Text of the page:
Culture of Honduras
The wealth of cultural expression in Honduras owes its origins primarily to being a part of Latin America but also to the multi-ethnic nature of the country. The population comprises 85% Mestizo, 8% Caucasian, 6% Amerindian, and 1% Black. This influences all facets of the culture: customs, practices, ways of dressing, religion, rituals, codes of behavior and belief systems.
Popular culture in Honduras, as in most countries, is expressed not so much through sophisticated artistic creations, but rather by popular events that draw big crowds. In Honduras, such artistic and cultural events are held on specific days of the year and through special celebrations. They have a special kind of dance and music the Hondurans hold proudly. They have gatherings to sing and dance; they call it "punta".
Hondurans celebrate national holidays and special events in the form of carnivals, fairs and parades throughout the year. For instance, in La Ceiba the annual carnival is a week-long celebration with music, exhibitions and special food, culminating in the most popular carnival in the country: "The Carnival of Friendship".
The Feria Juniana (June Fair) of San Pedro Sula includes different musical concerts performed throughout the week. Visitors can also attend sporting events and a variety of exhibitions.
Being a predominantly Catholic country, Honduras gives special attention to the celebrations of Holy Week. In some regions of the country, such as Comayagua, Choluteca, Copán and Intibucá, processions are held, especially during Thursday and Good Friday. Through these events, Hondurans commemorate the sacrifice Jesus Christ made for humanity by reenacting the events that happened during the week between Palm Sunday and Jesus Christ crucifixion.
Probably the most outstanding event is the creation of the sawdust carpets. People will decorate the trail where Jesus will walk through (to his crucifixion) to make the walk less painful for Christ. Some people - particularly the inhabitants of the North and South Coast - use this week as an opportunity to visit beaches, rivers and swimming pools, due to the stifling heat that reigns during Parkman Days.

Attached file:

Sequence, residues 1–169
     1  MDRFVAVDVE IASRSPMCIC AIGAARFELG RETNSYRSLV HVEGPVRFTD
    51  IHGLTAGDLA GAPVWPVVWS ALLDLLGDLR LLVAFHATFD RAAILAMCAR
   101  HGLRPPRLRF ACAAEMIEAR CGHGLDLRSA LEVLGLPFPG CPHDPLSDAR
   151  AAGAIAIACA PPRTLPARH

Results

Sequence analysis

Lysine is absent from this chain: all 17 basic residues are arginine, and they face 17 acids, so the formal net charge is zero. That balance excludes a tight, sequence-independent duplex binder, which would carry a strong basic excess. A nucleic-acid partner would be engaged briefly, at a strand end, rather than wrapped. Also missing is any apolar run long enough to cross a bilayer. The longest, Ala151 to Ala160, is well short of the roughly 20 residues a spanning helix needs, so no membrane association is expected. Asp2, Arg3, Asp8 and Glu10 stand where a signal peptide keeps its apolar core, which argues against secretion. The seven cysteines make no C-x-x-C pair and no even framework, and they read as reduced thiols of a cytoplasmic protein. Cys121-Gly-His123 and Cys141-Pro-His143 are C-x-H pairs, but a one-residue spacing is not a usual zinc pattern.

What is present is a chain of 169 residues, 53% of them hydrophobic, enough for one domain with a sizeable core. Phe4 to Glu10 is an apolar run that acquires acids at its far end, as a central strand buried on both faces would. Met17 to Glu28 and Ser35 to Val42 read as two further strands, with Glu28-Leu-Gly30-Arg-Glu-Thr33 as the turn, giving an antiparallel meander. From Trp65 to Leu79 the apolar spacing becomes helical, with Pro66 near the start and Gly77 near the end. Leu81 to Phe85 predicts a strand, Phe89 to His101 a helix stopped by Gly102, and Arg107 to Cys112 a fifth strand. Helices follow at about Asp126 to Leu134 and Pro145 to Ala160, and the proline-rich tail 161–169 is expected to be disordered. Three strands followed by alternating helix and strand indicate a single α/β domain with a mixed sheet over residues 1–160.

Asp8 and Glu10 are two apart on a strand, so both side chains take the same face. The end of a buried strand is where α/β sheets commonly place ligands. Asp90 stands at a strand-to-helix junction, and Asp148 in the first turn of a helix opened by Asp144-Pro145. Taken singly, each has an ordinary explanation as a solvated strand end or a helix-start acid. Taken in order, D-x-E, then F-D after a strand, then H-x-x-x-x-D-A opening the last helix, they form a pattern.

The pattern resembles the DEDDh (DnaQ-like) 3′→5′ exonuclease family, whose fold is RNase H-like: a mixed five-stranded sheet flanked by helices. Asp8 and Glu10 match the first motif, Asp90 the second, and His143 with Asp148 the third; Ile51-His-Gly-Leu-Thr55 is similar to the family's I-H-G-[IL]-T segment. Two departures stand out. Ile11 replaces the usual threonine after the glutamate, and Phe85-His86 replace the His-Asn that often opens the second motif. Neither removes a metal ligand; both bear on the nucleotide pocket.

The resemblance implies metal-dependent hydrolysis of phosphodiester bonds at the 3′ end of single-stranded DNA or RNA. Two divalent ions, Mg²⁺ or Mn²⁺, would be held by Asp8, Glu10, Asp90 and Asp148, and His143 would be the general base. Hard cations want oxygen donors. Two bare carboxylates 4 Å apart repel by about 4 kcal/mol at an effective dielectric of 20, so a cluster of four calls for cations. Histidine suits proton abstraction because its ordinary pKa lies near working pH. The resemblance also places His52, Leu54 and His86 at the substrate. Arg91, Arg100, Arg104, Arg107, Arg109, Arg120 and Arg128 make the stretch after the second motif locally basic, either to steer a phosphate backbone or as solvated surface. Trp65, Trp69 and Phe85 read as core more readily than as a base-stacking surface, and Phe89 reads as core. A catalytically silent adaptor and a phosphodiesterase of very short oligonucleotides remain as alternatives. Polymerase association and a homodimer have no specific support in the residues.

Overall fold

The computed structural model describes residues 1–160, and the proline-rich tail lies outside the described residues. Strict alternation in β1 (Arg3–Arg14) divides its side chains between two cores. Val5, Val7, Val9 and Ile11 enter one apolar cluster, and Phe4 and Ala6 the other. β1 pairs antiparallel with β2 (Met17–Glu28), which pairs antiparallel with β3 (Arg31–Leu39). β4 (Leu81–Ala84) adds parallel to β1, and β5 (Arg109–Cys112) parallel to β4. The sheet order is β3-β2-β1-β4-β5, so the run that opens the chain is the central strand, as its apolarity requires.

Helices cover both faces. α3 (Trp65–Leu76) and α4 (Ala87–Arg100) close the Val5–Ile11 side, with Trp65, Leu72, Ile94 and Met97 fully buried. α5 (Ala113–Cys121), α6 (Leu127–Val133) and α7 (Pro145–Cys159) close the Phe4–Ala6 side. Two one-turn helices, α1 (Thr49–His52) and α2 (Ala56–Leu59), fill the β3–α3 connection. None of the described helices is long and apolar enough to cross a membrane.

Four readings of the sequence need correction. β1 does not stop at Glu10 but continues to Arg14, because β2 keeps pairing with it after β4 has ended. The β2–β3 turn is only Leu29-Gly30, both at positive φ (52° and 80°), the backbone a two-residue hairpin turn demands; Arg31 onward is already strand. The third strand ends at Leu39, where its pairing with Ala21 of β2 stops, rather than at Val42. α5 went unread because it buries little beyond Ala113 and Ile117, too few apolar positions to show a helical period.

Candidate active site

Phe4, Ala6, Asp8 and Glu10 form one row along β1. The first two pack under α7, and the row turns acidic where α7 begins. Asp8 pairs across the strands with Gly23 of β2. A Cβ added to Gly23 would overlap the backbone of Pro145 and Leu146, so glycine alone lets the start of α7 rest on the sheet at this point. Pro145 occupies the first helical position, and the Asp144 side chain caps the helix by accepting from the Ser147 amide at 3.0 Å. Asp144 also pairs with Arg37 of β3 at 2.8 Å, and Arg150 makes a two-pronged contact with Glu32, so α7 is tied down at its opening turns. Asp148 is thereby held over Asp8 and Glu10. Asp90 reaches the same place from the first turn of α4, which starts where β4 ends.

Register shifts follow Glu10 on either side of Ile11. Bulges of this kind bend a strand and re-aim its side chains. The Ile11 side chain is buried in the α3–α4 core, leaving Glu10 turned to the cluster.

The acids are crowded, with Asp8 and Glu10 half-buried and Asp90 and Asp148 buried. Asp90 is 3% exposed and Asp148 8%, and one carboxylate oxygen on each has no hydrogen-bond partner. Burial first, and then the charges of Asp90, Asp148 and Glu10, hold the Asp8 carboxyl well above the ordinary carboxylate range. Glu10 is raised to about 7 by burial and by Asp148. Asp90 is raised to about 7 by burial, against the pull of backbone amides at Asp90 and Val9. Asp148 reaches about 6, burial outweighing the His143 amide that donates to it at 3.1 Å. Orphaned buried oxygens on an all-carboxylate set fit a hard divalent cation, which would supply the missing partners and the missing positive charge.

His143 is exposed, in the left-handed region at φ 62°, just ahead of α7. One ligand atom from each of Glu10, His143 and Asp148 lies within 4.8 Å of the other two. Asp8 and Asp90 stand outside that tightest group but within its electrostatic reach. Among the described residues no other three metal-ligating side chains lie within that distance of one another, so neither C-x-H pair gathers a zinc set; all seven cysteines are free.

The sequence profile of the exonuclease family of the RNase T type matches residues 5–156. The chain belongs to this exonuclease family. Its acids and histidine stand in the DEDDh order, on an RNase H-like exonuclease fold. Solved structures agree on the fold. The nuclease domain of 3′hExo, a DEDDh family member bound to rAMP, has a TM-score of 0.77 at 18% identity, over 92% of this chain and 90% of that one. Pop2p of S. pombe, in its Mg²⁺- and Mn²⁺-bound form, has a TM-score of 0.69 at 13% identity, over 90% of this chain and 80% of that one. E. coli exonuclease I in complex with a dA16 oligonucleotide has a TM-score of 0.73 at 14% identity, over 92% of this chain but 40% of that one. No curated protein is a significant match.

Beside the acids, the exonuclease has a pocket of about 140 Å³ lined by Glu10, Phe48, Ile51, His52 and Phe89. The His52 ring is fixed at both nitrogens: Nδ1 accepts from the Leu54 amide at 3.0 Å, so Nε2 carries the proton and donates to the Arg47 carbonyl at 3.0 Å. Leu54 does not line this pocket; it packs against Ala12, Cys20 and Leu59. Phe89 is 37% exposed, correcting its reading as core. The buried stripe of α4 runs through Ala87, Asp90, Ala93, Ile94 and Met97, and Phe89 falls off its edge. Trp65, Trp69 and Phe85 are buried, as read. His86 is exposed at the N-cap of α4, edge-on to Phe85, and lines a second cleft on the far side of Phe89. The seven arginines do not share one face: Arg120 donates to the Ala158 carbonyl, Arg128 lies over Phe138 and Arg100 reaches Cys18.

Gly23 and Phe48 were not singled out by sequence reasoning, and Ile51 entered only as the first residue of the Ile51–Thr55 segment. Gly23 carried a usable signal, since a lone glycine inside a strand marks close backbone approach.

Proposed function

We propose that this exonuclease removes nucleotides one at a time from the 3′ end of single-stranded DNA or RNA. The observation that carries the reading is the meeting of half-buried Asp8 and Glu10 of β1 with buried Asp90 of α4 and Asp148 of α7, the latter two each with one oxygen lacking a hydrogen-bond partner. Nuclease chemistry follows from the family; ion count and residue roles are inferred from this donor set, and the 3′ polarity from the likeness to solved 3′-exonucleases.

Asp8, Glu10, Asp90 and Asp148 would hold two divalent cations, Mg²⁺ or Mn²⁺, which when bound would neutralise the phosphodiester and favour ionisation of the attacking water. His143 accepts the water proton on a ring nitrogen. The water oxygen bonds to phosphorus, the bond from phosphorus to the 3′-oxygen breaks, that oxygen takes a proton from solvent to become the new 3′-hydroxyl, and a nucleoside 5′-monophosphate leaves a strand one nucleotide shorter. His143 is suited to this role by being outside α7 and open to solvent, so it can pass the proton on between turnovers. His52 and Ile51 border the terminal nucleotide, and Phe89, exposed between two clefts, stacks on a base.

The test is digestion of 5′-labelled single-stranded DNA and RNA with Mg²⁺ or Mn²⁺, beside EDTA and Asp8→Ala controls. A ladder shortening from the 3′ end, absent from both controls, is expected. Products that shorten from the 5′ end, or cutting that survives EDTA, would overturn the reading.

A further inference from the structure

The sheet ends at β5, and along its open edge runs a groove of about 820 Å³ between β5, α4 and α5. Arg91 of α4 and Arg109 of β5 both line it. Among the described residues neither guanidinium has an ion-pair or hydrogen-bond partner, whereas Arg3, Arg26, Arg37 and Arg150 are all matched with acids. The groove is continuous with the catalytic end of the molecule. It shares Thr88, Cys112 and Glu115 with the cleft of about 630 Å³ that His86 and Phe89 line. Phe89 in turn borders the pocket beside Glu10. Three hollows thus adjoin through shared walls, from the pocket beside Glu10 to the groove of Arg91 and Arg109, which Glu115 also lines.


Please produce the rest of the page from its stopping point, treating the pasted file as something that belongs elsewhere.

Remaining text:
Hondurans celebrate Christmas Eve and New Year's Eve on 24 and 31 December respectively. During these celebrations, the majority of Honduran homes cook special dishes to mark the occasion. Favorites include tamales wrapped with banana leaves, roast pigs' legs, and pastries. All of these celebrations are complemented at the end of the night with fireworks and firecrackers.
Other celebrations of special interest to Hondurans include Mothers' Day, Children's Day, Labor Day, Teachers' Day and Friendship Day.
The predominant ethnic group in Honduras are the mestizo - people of mixed native and European (mostly Spanish) ascent. Mestizos account for over 93% of the population of Honduras. There are several other minority ethnic groups. Amongst them are people who descend from native tribes that lived in the area before the Spanish arrived: Lencas, Chortís, Tolupanes, Pechs (also called Payas), Tawahkas, and Miskitos.
There is also a group called the Garífunas who descend from African slaves from the Caribbean islands.
According to the 2001 census the Amerindian population in Honduras included 381,495 people (6.3% of the total population). With the exception of the Lenca and the Ch'orti' they still keep their language.
- the Lenca (279,507 in 2001;4.6% of the total population) living in the La Paz, Intibucá, and Lempira departments;